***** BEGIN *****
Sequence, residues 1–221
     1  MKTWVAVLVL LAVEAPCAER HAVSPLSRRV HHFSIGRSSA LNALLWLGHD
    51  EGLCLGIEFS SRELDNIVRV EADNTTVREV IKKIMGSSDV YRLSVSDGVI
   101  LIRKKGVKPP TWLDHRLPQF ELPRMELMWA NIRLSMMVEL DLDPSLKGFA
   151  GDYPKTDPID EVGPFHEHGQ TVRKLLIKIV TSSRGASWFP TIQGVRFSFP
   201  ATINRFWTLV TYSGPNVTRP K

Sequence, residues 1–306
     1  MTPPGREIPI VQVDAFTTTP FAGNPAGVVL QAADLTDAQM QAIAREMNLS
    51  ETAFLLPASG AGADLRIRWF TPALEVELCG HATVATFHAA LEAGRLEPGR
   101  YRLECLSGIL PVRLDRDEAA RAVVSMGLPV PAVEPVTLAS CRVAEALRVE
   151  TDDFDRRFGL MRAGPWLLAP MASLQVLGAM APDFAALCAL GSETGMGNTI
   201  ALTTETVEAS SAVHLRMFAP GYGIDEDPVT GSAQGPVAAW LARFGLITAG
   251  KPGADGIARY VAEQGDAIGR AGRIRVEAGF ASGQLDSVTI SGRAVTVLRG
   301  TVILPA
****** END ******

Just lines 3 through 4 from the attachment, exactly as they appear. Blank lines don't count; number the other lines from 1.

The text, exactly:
    51  EGLCLGIEFS SRELDNIVRV EADNTTVREV IKKIMGSSDV YRLSVSDGVI
   101  LIRKKGVKPP TWLDHRLPQF ELPRMELMWA NIRLSMMVEL DLDPSLKGFA